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Gill pathology in farmed salmon associated with the jellyfish Aurelia aurita
  1. S. O. Mitchell, MA, MVB1,
  2. E. J. Baxter, PhD2 and
  3. H. D. Rodger, BVMS, MSc, PhD, MRCVS3
  1. Vet-Aqua International, Oranmore Business Park, Galway, Ireland
  2. Coastal and Marine Research Centre, Environmental Research Institute and School of Biological, Earth and Environmental Sciences, University College Cork, Cork, Ireland
  3. Vet-Aqua International, Oranmore Business Park, Galway, Ireland
  1. E-mail for correspondence susievet{at}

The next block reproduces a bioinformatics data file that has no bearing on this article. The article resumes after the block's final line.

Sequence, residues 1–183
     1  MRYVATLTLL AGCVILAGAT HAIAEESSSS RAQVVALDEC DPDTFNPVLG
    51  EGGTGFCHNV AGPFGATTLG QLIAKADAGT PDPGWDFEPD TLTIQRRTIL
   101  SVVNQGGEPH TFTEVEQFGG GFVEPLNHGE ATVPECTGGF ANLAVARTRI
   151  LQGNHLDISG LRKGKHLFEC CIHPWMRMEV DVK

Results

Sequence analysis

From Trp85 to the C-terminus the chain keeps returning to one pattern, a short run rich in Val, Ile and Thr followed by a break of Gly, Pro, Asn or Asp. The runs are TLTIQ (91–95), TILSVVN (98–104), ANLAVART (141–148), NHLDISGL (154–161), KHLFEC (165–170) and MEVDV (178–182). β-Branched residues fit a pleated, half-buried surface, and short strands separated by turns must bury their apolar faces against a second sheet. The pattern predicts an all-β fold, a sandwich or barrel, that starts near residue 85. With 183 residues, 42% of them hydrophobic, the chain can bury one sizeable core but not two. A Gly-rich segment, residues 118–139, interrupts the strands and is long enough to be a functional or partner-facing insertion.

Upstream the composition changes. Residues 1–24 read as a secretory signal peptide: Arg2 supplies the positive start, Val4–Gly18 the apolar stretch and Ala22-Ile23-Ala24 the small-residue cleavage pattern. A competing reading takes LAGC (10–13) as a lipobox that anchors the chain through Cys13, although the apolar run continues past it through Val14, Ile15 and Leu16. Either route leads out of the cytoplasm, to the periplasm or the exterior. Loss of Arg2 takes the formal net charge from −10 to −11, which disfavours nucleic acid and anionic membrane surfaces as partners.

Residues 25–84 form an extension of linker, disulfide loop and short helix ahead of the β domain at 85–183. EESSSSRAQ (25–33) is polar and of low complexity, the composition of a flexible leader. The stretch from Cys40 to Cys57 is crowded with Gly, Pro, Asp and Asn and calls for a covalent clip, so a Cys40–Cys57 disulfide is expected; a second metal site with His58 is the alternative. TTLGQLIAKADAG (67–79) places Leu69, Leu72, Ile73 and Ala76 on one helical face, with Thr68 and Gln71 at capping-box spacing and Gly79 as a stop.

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JELLYFISH-mediated damage to salmon and other species in aquaculture is a periodic challenge, which is considered by some workers to be increasing in frequency (Graham 2001, Purcell and others 2007, Rodger and others 2011). Significant pathology in affected fish has been observed in the gills and is considered to be due to the toxic effects of jellyfish venom via nematocyst discharge (Helmholz and others 2010, Rodger and others 2011). It has recently been suggested that certain jellyfish species may also act as vectors for Tenacibaculum maritimum (Ferguson and others 2010, Delannoy and others 2011), a bacterium frequently associated with gill pathology and the causal agent of tenacibaculosis. A number of jellyfish species have been implicated in fish kills over the years including the hydromedusae Phialella quadrata (Bruno and Ellis 1985) and Solmaris corona (Hay and Murray 2008), the siphonophores Muggiaea atlantica (Fosså and others 2003) and Apolemia uvaria (Båmstedt and others 1998), the scyphomedusae Cyanea capillata (Bruno and Poppe 1996), Pelagia noctiluca (Doyle and others 2008) and Aurelia aurita (Bruno and Poppe 1996). However, little descriptive information on the pathology and pathophysiology of jellyfish-mediated damage to fish has been published to date. This short communication describes the clinical impact of a jellyfish bloom on a finfish farm on the north-west coast …

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